nep-hme New Economics Papers
on Heterodox Microeconomics
Issue of 2012‒04‒10
thirteen papers chosen by
Frederic S. Lee
University of Missouri-Kansas City

  1. An analysis of different approaches to women empowerment: a case study of Pakistan By Chaudhary, Amatul R.; Chani, Muhammad Irfan; Pervaiz, Zahid
  2. Does a picture paint a thousand words ? evidence from a microcredit marketing experiment By Gine, Xavier; Mansuri, Ghazala; Picon, Mario
  3. The economic system as an end or as a means and the future of socialism: an evolutionary viewpoint By Alberto, Chilosi
  4. The Chimera of a Complete Analysis of Economic Dynamics By K. Vela Velupillai
  5. Mechanization, task assignment, and inequality By Yuki, Kazuhiro
  6. WP 118 - Collective redress and workers’ rights in the EU By Jan Cremers; Martin Bulla
  7. Modeling Dividend Behavior in Pakistan By Haleem, Fazli; Javid, Attiya Yasmin
  8. Competition Policy in Ireland: A Good Recession? By Gorecki, Paul K.
  9. Impact of managerial ownership on financial policies and the firm’s performance: evidence Pakistani manufacturing firms By Din, Shahab-u-; Javid, Attiya Yasmin
  10. Steel, style and status: the economics of the cantilever chair, 1929-1936 By Vogelgsang, Tobias
  11. Diversified boundaries of the firm By Kimura, Koichiro
  12. Cartel in the Indian cement industry: An attempt to identify it By Bejger, Sylwester
  13. Profitability, Saving and Investment of Non-Financial Firms in Turkey By Erdal Ozmen; Saygin Sahinoz; Cihan Yalcin

  1. By: Chaudhary, Amatul R.; Chani, Muhammad Irfan; Pervaiz, Zahid
    Abstract: Women empowerment has attracted the attention of researchers as an active area of research since 1980s. It can be viewed as an ultimate end as well as a mean to achieve other development goals. The present study is an attempt to investigate how consciousness /sensitization of women about their rights, economic empowerment of women and women’s overall development can be helpful in achieving the goal of women’s empowerment. The study uses data for the period of 1996 to 2009 for Pakistan. Empirical results reveal that consciousness of women about their rights, economic empowerment of women and women’s overall development have positive and significant effect on women’s empowerment as measured by Gender Empowerment Measure (GEM) index. Granger Causality Test confirms the existence of bi-directional causality between women’s overall development and women’s empowerment. A unidirectional causality exists between sensitization of women and women’s empowerment.
    Keywords: Women Empowerment; labour force participation; Gender Development; Gender inequality
    JEL: D63 C22 J16 J23
    Date: 2012
  2. By: Gine, Xavier; Mansuri, Ghazala; Picon, Mario
    Abstract: Female entrepreneurship is low in many developing economies partly because of constraints on women's time and mobility, which are often reinforced by social norms. This paper analyzes a marketing experiment designed to encourage women to adopt a new microcredit product. A brochure with the same content but two different covers was randomly distributed among male and female borrowing groups. One cover featured five businesses run by men, while the other showed identical businesses run by women. Men and women responded to psychological cues. Among men who were not business owners, had lower measured ability and whose wives were less educated, the responses to the female brochure were more negative, as did female business owners with low autonomy within the household. Women with relatively high levels of autonomy had a similar negative response to the male brochure, while there was no effect on female business owners with autonomy. Overall, these results suggest that women's response to psychological cues, such as positive role models, may be affected by their level of autonomy at home, and more intensive interventions may be required for more disadvantaged women.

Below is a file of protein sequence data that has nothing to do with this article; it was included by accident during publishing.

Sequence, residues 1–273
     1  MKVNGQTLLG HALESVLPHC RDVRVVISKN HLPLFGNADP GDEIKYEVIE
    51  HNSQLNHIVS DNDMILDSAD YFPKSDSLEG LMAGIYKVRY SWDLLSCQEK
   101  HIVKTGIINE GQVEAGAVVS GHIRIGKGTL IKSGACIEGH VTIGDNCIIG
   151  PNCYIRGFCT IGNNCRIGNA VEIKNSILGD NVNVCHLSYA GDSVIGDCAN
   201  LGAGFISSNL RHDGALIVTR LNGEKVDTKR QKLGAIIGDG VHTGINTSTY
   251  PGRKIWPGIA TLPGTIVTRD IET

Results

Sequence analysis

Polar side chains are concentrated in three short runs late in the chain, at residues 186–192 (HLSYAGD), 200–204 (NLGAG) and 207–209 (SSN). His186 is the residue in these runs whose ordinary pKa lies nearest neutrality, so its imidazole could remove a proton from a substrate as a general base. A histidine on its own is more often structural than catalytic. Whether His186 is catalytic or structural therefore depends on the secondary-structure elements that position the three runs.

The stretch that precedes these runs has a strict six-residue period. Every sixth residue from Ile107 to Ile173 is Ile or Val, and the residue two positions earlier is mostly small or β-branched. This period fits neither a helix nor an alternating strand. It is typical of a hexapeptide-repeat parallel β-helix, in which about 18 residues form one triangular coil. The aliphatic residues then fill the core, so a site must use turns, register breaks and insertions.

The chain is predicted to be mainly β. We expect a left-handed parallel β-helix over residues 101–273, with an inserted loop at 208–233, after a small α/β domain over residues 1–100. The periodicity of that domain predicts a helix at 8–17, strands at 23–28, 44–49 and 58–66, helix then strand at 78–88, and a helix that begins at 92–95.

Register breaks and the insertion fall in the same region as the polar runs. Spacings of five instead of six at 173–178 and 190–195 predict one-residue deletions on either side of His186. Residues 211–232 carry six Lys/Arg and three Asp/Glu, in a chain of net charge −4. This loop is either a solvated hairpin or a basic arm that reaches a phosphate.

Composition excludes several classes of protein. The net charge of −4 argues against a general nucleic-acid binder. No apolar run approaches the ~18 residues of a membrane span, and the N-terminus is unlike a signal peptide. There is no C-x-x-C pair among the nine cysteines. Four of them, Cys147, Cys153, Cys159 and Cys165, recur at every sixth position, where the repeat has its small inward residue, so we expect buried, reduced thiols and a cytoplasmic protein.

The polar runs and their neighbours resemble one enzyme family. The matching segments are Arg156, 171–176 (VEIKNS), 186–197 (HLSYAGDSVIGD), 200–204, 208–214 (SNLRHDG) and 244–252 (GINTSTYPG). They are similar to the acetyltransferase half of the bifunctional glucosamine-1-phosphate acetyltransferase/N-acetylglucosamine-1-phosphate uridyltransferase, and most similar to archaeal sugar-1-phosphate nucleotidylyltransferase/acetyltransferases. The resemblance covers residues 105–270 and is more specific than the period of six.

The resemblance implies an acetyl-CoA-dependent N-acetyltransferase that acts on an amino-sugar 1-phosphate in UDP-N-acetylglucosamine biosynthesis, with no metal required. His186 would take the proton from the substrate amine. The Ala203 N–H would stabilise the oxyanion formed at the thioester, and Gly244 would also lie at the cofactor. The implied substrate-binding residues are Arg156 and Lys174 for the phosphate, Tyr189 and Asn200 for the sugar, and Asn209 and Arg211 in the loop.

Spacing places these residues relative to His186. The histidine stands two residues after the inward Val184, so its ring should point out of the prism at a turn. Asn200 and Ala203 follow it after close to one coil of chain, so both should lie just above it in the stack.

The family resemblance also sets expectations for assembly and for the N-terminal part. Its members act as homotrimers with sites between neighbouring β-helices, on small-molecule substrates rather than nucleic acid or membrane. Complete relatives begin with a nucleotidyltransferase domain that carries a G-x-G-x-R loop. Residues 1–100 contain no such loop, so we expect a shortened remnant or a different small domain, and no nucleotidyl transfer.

Keywords: Access to Finance,Debt Markets,Business in Development,Competitiveness and Competition Policy,Banks&Banking Reform
    Date: 2012–04–01
  3. By: Alberto, Chilosi
    Abstract: After the demise of “real” socialism and the decline of “western” socialism, socialism can be salvaged as a social preference system oriented towards equality and social justice, to be implemented without systemic constraints in the organizational and institutional sense. At the same time there is a case for maintaining an institutional framework allowing different forms of economic organization,capitalist and non-capitalist,to compete on equal footing, in an evolutionary perspective, thus allowing the second to develop if proven efficient. Another way for a spontaneous extension of the domain of socialism could derive from the socialization of consumption, if the consumption of public goods continues to make up a growing component of real consumption.
    Keywords: Socialism; Capitalism; Socialization of Consumption
    JEL: P50
    Date: 2012–04–02
  4. By: K. Vela Velupillai
    Abstract: Alberto Quadrio Curzio’s lifelong research efforts have been characterised by depth of vision, breadth of scholarship, a growing awareness of the need for sensitive mediation between theoretical analysis and empirical, policy oriented, concerns and, above all, the need for underpinning every kind of aim with an institutional and historical perspective. This contribution to a Festschrift in his honour aims to take up one small aspect of one of his many faceted theoretical concerns. Alberto Quadrio Curzio’s conviction that there can be no ‘complete’ analysis of economic dynamics - not even a ‘complete’ formalisation of this tortuous notion - is given some content (albeit a very minor one) in this paper.
    Date: 2012
  5. By: Yuki, Kazuhiro